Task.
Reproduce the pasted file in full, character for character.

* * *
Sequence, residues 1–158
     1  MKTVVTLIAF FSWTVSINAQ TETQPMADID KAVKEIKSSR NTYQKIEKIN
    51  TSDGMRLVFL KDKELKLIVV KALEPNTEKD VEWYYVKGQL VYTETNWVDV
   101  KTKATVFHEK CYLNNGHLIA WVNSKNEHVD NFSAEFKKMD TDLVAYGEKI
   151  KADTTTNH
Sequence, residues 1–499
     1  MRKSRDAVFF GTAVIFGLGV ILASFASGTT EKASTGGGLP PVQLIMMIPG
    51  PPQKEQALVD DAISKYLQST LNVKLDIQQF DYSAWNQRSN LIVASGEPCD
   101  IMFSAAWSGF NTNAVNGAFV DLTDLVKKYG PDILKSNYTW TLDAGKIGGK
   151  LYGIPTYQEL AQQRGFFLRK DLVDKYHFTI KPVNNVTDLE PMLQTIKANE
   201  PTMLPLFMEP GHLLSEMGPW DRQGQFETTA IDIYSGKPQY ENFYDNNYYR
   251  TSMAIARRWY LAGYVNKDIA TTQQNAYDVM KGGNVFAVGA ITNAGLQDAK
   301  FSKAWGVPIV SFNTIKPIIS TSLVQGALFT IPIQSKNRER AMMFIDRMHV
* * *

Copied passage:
Sequence, residues 1–158
     1  MKTVVTLIAF FSWTVSINAQ TETQPMADID KAVKEIKSSR NTYQKIEKIN
    51  TSDGMRLVFL KDKELKLIVV KALEPNTEKD VEWYYVKGQL VYTETNWVDV
   101  KTKATVFHEK CYLNNGHLIA WVNSKNEHVD NFSAEFKKMD TDLVAYGEKI
   151  KADTTTNH
Sequence, residues 1–499
     1  MRKSRDAVFF GTAVIFGLGV ILASFASGTT EKASTGGGLP PVQLIMMIPG
    51  PPQKEQALVD DAISKYLQST LNVKLDIQQF DYSAWNQRSN LIVASGEPCD
   101  IMFSAAWSGF NTNAVNGAFV DLTDLVKKYG PDILKSNYTW TLDAGKIGGK
   151  LYGIPTYQEL AQQRGFFLRK DLVDKYHFTI KPVNNVTDLE PMLQTIKANE
   201  PTMLPLFMEP GHLLSEMGPW DRQGQFETTA IDIYSGKPQY ENFYDNNYYR
   251  TSMAIARRWY LAGYVNKDIA TTQQNAYDVM KGGNVFAVGA ITNAGLQDAK
   301  FSKAWGVPIV SFNTIKPIIS TSLVQGALFT IPIQSKNRER AMMFIDRMHV